Rabbi Sarit Horwitz
Getting rid of hametz is a complicated task. Of course, there are the stovetops to clean, the cabinets to clear out, and the bread to discard. The leavened items in our homes are replaced with matzah, the bread of affliction. That bread reminds us of the haste in which the Israelites had to leave Mitzrayim, and its flatness alludes to the spiritual work that we try to do around this time of year. In our tradition which teaches that teshuvah, repentance, is always a possibility, we are reminded exactly six months away from the Yamim Noraim, that the hametz of our souls and the leavening of our ego is also worth examining. This Pesah season, we not only think about the physical hametz in our homes to clean out, but also of the spiritual hametz, the spiritual schmutz that’s getting in the way of who we really are. Today, as we observed Shabbat haHodesh, we ushered in the month of Nisan and we kick ourPesah preparations into high gear. These 14 days are a spiritual cleanse to help us prepare for what it really means to be free. It’s the time to think about the spiritual schmutz we are carrying around and what we can get rid of. What are the layers we need to peel away in order to be a more liberated version of ourselves? What is excessive? What’s the hametz, the leavened, puffed-up stuff that’s holding us back?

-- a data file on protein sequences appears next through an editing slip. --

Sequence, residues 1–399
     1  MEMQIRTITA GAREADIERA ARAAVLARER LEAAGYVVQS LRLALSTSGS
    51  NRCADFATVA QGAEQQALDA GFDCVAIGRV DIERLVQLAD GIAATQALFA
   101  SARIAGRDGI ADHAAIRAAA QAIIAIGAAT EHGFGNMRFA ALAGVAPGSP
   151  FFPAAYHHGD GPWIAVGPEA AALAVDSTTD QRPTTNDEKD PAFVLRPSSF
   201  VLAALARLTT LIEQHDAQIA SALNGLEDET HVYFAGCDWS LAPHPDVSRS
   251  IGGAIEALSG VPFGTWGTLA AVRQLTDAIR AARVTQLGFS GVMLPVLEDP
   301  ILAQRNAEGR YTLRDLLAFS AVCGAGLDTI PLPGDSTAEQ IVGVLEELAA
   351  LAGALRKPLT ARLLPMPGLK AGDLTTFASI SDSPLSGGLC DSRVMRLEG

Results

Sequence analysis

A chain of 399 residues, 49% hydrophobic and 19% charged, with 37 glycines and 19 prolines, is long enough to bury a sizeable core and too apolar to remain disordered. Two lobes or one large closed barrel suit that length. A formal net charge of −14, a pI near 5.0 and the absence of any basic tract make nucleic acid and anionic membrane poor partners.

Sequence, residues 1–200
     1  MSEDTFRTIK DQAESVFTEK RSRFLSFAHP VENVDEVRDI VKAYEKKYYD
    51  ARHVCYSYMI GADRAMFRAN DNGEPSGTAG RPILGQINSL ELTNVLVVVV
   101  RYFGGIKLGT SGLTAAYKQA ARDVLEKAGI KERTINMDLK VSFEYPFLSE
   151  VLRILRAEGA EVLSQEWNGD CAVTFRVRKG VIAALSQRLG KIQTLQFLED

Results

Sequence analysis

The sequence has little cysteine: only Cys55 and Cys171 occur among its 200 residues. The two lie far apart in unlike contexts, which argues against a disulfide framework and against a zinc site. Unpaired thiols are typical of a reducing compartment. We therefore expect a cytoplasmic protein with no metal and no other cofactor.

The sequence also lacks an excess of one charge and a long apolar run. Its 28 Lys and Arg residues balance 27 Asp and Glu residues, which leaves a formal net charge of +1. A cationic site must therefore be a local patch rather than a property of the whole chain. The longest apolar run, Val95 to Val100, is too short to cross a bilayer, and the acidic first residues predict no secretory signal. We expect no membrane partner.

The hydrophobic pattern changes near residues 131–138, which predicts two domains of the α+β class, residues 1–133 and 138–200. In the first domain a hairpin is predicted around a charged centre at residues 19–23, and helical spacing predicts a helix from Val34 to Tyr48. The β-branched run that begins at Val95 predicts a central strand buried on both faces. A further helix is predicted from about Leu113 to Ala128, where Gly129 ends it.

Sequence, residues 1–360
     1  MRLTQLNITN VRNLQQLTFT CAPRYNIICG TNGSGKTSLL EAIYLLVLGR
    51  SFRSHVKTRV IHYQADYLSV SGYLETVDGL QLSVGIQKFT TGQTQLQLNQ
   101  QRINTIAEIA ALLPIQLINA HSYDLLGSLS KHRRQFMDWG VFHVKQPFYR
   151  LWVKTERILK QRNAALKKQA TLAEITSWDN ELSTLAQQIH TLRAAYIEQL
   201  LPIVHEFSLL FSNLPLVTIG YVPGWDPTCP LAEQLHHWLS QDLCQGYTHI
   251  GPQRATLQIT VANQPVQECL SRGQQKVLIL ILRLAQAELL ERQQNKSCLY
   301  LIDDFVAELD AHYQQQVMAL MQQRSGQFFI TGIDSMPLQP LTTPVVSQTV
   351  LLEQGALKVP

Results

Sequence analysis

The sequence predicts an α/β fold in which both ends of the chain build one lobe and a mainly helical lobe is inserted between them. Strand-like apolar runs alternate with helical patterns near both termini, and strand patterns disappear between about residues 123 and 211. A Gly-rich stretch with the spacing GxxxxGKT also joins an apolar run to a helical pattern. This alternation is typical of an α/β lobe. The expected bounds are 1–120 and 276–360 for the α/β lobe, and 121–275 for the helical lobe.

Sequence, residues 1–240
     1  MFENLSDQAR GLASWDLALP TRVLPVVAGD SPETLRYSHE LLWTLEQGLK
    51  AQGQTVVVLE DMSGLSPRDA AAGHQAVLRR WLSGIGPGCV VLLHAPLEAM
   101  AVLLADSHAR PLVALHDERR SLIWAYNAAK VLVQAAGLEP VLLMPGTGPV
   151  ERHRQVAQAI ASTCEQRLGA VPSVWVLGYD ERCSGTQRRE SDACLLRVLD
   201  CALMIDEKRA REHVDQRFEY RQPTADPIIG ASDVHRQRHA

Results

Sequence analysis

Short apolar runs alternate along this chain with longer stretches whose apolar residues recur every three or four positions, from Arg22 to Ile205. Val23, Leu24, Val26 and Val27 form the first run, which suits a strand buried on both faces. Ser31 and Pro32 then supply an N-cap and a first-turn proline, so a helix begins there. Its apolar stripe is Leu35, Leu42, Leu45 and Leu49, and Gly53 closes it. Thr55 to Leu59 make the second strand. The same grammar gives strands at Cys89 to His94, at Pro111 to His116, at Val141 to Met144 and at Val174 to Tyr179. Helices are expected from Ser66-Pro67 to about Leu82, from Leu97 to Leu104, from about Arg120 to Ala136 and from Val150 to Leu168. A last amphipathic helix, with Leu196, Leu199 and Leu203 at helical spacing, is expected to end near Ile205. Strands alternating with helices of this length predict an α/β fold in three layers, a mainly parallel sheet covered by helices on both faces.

For the next 13 days, until erev Pesah, you’ll receive a daily kavannah written by a member of our community. We’ve asked these members to think about what getting rid of spiritual schmutz means to them. Our haggadah asks us, in each and every generation, to see ourselves as if we, too, had been liberated from Mitzrayim. This is a charge that urges us to think about liberation in multiple ways: who in our world is oppressed, how do I oppress myself, and what are the ways that I can make the world, and myself, more free? In that spirit, we offer three ways for you to incorporate this charge into your Pesah preparations and celebrations.
• Before Pesah, help the hungry and get rid of your hametz by donating non-perishable food items to our WSCAH drive. Donation bins are in our 89th Street Community House and in the entrance to our 88th Street sanctuary before Kabbalat Shabbat.
• Continue the BJ tradition of adding a red onion to your seder plate as a reminder that many of the farm-workers who grow and harvest our food do not have the right to basic labor protections such as a weekly day of rest and overtime pay. Get Pesahresources and learn more about BJ’s Economic Justice Hevra.
• As we celebrate the Jewish people’s biblical exodus from Egypt, we remember that there are 60 million displaced people around the world, people fleeing violence and persecution in search of a safe place to call home. As part of BJ’s effort to respond to the world’s worst refugee crisis since World War II, we are partnering with HIAS, a leading organization in refugee advocacy and resettlement work. Bring HIAS’s Passover resources to your seder, learn more about this issue, and find ways to act.
Rabbi Sarit Horwitz
Senior Rabbinic Fellow